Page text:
It should be noted that gamer vs. non-gamer doesn't play into the above list of comparison spectra much at all. For some, more direct attacks is actually a plus. Playing time and pretty pictures are in 7 Wonders favor, though. I couldn't tell you what any of the pictures on 7W cards look like -- maybe this is just something about me that tips things in favor of Innovation...I just don't value art much when evaluating a game. Mechanics are king for me.

I'm a fan of both games, for the record, but Innovation is definitely closer to my heart.
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Tadeu Zubaran
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murksofus wrote:
qwertymartin wrote:
murksofus wrote:
I think calling Innovation a civ-themed card game is a bit of a stretch. It's basically an abstract about matching symbols.


If you'd said that about 7 Wonders, I would agree.


7 Wonders gets a pass for purdy pictures


Iello's Innovation production, art and graphic design is as good if not better than 7 wonders.
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Ouhhhh, Counter-counterposts....

illest503 wrote:
Good post. My experience and opinion differ from yours, so I'm offering some counterpoints.

ackmondual wrote:
--I've sat through and even have tried my hand at teaching both games
7W is no more than half the teaching time than Innov. For many games, but especially when you're dealing with non/light gamers, anything explained after an arbitrary 10-15 min. mark will go "over their heads"

I find the teaching times to be about the same. 7W uses a lot of symbols that have new players constantly referring to the rulebook, whereas Innovation can be played with just the language on the cards once new players understand the basic concepts of melding, tucking, splaying, icon counts, scoring, and achieving. Both games have a similar learning curve in terms of the number of games needed before new players can have a chance of winning due to purposeful actions.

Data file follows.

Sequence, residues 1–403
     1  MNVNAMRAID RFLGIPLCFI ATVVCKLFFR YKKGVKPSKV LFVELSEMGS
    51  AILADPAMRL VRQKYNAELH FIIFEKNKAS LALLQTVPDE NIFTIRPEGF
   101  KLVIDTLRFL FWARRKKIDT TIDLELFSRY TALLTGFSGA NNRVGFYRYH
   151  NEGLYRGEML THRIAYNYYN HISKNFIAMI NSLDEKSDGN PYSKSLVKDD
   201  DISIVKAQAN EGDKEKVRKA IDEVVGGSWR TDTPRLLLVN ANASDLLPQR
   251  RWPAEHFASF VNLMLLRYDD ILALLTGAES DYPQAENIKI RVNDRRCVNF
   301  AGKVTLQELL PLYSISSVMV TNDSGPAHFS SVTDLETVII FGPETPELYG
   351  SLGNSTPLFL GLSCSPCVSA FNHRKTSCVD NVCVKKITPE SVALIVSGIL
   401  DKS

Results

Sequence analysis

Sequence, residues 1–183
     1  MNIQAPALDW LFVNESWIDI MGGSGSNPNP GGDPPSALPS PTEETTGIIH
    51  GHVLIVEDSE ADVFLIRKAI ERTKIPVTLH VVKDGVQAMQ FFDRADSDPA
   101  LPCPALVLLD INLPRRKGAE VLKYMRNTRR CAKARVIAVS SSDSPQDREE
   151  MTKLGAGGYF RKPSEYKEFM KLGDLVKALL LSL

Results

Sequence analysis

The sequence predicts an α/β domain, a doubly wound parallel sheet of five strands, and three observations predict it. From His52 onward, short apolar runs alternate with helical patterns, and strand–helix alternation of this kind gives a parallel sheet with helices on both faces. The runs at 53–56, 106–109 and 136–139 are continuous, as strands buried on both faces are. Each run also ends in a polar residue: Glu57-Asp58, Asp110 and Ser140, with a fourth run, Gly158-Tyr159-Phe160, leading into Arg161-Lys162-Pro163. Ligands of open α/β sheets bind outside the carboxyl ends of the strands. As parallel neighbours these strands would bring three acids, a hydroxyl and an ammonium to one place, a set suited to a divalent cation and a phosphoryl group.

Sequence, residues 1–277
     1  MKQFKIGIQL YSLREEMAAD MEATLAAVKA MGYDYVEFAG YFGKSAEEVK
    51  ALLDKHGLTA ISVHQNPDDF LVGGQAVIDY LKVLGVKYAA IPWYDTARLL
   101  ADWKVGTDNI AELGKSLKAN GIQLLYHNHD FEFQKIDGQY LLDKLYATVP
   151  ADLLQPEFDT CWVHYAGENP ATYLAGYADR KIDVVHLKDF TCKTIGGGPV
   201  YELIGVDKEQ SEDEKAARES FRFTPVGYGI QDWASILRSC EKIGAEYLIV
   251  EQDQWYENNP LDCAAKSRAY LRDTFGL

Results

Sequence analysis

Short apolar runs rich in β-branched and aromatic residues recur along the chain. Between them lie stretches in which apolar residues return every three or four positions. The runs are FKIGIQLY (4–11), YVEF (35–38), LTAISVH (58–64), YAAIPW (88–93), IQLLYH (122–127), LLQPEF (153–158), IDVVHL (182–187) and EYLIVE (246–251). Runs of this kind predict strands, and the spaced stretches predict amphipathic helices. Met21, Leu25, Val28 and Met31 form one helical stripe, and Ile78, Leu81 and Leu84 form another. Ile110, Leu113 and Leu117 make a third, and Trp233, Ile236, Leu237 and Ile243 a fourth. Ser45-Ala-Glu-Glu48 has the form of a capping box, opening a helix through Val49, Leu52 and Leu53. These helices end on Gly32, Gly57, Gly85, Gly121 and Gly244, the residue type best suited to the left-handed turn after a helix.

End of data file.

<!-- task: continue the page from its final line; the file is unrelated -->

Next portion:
There aren't really that many relevant symbols though. Just like how in Innov, you don't need to know what leaves or lightbulbs represent (environmentalism and ideas respectively? Again, who cares*) you don't need to know what many of the symbols in 7W are. For the standard and process resources, all players are doing are matching glass tubes or stone with other stone icons they see needed to build cards. Ditto with sciences, as you just need to be able to recognize them as sciences (green background helps with that) and tell them apart. The only unique symbols with functionality are the ones on wonders, and those that give you points. That's it.

In Innov., the text gets burdensome on new players in its own way since some while some cards are easy peezy like draw three 1s, other cards take a whole minute to read up on, and even then, they'll end up showing you and asking about just how this would work with such and such situation. Asking an experienced players is on par with looking up things in the rulebook. And having 7 cards to choose from vs. even 3 cards in Innov can still be off, as having 3 cards with long text can be more timeconsuming than a choice of 7 cards with a single icon on them. In innov. you can end up with many more cards too.

Don't get me wrong, all that extra stuff in Innov. is exactly why I like it. It's just that it tends to complicate things real fast.


illest503 wrote:
ackmondual wrote:
--I'd gander alot of newbies will build science cards anyways even though they won't fully understand the scoring. In INnov, many newbies are likely to outright ignore special achievements. Just playuing the game and reading each card is enough to keep them busy.